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High frequency of the ApoB-100 R3500Q mutation in Bulgarian hypercholesterolaemic subjects
  1. Anelia Horvatha,
  2. Alexey Savovb,
  3. Stephen Kirova,
  4. Elina Karshelovac,
  5. Iva Paskalevad,
  6. Assen Goudevc,
  7. Varban Ganeva,e
  1. aDepartment of Chemistry and Biochemistry, Medical University of Sofia, 2 Zdrave Str, 1431 Sofia, Bulgaria, bUniversity Hospital for Obstetrics and Gynaecology, Medical University of Sofia, Sofia, Bulgaria, cDepartment of Propaedeutics of Internal Diseases, Medical University of Sofia, Sofia, Bulgaria, dNational Centre of Cardiovascular Diseases, Sofia, Bulgaria, eInstitute of International Health, Michigan State University, East Lansing, MI, USA
  1. Dr Ganev, ganev{at}

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Editor—One of the most common single site mutations in the human ApoB gene, R3500Q, results in mild to severe hypercholesterolaemia and an increased risk for early onset atherosclerosis.1 Intensive mutation screening studies of the ApoB gene in subjects with hypercholesterolaemia have identified a few less frequent variants, associated with an even milder phenotype and localised within a region coding for the ApoB-100 receptor binding domain.2 3

It is widely accepted that the average population frequency of the R3500Q mutation is about 1:500-1:700 among white populations.4 However, results from population studies, as well as data from studies of high risk groups in Europe, show that frequencies vary to a large extent among population groups, ranging between 1:715 and 1:1250.6 The simultaneous occurrence of the underlying G to A substitution and a rareApoB haplotype across different ethnic groups favours the hypothesis of a common origin of the R3500Q mutation and its further migration spread.7 Population groups with the highest frequencies are clustered in central Europe, and the mutation frequency decreases as one moves east, north, and south west,5 6 8-22 becoming extremely rare in Finland, southern Italy, and Spain.23-25 There is a lack of information about the mutation prevalence in the south east of central Europe, with the exception of one study on hypercholesterolaemic subjects from the fringes of Europe (Turkey) that failed to detect the R3500Q mutation.26 This lack of information about a sizeable region of Europe flanked by populations with high (Austria18 and Hungary19) and extremely low prevalence (Turkey26) leaves open the question of a frequency gradient to the south east.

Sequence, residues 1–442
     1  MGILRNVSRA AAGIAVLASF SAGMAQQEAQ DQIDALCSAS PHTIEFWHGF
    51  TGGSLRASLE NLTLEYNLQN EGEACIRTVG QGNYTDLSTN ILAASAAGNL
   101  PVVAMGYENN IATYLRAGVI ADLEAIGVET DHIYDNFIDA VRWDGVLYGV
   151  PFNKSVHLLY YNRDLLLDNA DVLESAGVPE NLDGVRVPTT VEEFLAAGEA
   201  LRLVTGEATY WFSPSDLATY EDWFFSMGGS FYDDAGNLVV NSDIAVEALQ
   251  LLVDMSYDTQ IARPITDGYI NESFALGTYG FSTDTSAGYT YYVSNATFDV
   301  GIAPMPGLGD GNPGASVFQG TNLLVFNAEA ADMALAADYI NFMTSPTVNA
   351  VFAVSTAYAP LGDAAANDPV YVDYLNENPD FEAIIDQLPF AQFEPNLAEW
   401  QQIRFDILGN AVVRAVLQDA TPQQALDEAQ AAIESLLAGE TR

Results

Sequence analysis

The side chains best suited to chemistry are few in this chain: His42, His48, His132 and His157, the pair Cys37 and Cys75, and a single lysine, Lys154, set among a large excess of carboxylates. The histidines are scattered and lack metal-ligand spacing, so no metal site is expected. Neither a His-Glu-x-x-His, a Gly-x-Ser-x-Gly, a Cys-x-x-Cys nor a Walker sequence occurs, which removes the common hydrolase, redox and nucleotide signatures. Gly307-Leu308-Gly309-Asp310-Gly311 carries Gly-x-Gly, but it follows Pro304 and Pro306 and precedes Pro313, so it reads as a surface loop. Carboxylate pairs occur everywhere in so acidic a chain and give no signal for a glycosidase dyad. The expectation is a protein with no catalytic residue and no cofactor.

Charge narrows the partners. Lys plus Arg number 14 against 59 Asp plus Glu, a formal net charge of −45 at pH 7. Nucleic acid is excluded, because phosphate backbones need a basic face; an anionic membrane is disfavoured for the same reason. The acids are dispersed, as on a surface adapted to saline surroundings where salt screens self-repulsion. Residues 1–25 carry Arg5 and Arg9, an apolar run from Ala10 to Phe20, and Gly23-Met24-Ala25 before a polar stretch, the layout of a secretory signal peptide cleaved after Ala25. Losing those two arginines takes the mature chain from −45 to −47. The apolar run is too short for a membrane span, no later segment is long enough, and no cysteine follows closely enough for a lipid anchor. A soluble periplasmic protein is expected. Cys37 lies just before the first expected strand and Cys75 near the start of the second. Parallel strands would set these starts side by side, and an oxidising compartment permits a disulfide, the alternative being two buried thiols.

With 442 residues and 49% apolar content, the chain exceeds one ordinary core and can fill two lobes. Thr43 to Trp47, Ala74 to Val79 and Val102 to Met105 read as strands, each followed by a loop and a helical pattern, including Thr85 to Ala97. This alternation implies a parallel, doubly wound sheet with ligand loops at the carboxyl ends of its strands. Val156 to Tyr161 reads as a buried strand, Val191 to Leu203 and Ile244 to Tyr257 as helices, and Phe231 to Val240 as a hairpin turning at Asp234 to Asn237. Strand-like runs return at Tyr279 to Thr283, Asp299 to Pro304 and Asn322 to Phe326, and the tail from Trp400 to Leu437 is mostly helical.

This study of the occurrence of the R3500Q mutation and its associated haplotype(s) in subjects with hypercholesterolaemia from Bulgaria aimed to obtain data from a …

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